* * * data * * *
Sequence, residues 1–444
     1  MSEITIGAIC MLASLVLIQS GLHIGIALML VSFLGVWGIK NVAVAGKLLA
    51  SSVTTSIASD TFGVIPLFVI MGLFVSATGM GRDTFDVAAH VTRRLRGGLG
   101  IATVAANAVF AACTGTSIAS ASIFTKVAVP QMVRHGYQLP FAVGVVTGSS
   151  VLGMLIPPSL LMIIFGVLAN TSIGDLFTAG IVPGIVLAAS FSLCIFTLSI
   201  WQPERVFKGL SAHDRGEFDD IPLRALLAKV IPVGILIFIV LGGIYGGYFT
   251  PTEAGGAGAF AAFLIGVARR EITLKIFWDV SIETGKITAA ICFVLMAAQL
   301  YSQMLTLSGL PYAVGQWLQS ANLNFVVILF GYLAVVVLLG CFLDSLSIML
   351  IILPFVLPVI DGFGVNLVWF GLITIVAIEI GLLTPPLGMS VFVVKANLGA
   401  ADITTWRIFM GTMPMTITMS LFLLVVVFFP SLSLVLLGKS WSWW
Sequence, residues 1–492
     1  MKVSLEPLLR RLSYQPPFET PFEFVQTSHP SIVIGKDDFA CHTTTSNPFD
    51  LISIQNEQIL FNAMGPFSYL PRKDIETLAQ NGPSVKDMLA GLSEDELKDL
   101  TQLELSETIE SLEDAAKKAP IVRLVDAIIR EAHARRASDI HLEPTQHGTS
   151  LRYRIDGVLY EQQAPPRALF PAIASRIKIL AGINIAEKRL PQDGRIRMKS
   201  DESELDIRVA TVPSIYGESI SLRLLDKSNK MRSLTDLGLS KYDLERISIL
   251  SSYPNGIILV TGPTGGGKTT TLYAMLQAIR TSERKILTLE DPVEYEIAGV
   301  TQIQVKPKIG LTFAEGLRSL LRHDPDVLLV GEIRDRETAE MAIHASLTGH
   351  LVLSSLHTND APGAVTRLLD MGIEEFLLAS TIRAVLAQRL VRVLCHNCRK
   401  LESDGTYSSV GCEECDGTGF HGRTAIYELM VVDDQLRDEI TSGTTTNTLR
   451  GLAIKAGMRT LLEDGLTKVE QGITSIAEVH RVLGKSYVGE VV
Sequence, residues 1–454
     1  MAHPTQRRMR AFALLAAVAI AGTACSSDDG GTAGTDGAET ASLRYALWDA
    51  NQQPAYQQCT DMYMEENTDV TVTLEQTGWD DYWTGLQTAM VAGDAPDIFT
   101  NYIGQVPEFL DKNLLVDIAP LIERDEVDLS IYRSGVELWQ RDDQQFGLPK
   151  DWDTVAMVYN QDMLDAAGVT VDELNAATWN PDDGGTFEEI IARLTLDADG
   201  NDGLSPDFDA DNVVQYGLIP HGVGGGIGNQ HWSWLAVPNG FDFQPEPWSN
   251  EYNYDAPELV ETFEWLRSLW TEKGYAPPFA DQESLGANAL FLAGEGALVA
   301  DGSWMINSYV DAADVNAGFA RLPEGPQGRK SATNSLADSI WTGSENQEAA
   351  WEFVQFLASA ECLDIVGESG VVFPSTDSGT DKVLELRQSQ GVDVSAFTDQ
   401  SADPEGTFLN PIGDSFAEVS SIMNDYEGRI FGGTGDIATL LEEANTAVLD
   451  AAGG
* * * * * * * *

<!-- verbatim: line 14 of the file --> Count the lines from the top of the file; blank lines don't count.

   101  TQLELSETIE SLEDAAKKAP IVRLVDAIIR EAHARRASDI HLEPTQHGTS